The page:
All too often, when people buy a new skin care product, they cannot wait to get home and immediately try it out, slathering it all over their face at the first opportunity. However, even if you do not have sensitive skin or any known allergies, severe reactions to certain ingredients can still occur, making a patch test absolutely vital.
What is a Patch Test?
A patch test is when you apply a new product to a small patch of skin, and then wait for 24 hours, before examining that area for any signs of redness or irritation. The patch that you choose needs to be large enough for you to be able to notice if there are any problems, but small enough for you to be able to deal with any problems quickly and effectively. 24 hours is usually the recommended amount of time that you do a patch test for, although it can sometimes take longer than this for a reaction to become apparent.
Choosing a Patch
If you are performing a patch test to see whether or not you are allergic to something, then the best location for this patch is behind your ear, whereas if you want to see whether or not a specific product causes irritation, then choose the area of skin that is usually the most sensitive. When it comes to checking whether or not a product will clog your pores or cause breakouts, you should perform the patch test on an area where you usually experience frequent breakouts, as this is the part of your skin that would be the most vulnerable to a new product. Somewhere on your cheek, near to your nose, is often best for this, as there are a larger amount of pores here, so the product will be able to fully penetrate your skin. If you are testing for breakouts, in particular, a patch test that lasts for seven to ten days is recommended, as breakouts will often not occur immediately.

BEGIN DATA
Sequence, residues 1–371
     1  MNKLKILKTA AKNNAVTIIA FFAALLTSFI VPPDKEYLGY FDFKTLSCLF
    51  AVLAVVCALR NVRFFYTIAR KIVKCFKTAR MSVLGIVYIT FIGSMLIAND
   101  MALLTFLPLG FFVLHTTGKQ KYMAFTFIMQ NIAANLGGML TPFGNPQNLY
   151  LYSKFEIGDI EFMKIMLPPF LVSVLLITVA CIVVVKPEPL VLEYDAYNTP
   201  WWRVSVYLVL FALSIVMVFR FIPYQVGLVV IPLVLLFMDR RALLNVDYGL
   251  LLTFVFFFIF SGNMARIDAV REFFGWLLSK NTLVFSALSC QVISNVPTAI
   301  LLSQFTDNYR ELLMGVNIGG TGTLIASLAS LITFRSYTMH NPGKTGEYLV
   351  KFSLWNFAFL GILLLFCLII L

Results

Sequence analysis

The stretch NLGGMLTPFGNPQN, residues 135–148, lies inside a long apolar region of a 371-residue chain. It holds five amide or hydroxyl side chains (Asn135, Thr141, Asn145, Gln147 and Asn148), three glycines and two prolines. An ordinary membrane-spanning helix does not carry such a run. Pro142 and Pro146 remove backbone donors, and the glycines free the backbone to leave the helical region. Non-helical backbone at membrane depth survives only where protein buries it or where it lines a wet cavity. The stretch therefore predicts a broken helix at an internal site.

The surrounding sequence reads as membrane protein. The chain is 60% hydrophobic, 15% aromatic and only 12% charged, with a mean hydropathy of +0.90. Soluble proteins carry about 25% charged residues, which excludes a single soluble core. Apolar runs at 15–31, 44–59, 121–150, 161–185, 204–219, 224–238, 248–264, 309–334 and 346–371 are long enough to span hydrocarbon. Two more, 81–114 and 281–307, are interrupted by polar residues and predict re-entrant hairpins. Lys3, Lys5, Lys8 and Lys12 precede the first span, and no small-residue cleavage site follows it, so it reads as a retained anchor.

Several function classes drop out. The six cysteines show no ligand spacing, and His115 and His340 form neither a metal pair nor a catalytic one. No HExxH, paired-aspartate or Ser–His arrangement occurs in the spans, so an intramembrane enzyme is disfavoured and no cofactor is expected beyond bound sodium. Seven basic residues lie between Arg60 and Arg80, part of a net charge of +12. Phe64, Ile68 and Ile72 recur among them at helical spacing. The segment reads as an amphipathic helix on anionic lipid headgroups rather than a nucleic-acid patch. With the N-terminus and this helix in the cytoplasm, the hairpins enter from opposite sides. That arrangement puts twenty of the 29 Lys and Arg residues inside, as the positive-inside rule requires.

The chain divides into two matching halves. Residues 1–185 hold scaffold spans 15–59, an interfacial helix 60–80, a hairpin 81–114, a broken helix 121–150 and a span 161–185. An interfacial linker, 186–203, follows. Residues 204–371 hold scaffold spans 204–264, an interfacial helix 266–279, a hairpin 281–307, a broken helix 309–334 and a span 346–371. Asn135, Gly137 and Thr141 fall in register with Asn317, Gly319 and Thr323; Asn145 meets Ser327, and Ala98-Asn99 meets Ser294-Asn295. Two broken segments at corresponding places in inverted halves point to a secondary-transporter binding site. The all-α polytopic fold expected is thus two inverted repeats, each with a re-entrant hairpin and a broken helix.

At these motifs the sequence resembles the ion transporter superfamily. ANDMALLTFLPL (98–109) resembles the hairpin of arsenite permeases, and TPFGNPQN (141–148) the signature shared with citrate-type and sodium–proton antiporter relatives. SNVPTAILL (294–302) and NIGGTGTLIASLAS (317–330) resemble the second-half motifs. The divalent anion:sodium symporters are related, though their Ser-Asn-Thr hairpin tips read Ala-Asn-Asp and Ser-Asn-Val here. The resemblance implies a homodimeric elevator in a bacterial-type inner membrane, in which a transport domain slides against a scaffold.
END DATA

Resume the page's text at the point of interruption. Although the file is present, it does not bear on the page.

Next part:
What are Reactions Caused By?
A reaction to a product is usually due to one or more of its ingredients not agreeing with your skin. The most common ingredient to cause a reaction is usually listed as a fragrance, as this term can encompass a wide range of different chemicals. Most reactions are also caused by products that are designed to remain on your face, such as with a serum or moisturizer, rather than a product that is rinsed off, such as a cleanser.
When performing a patch test, keep in mind that certain ingredients, such as glycolic acid, salicylic acid and lactic acid, can often make your skin appear slightly red, but this will usually subside within 15 minutes, and is not a sign of a reaction. While a patch test may seem unnecessary at times, especially if your skin is usually able to tolerate just about every product, it only takes one new ingredient to cause a reaction, and a patch test will ensure that your skin remains healthy and well protected.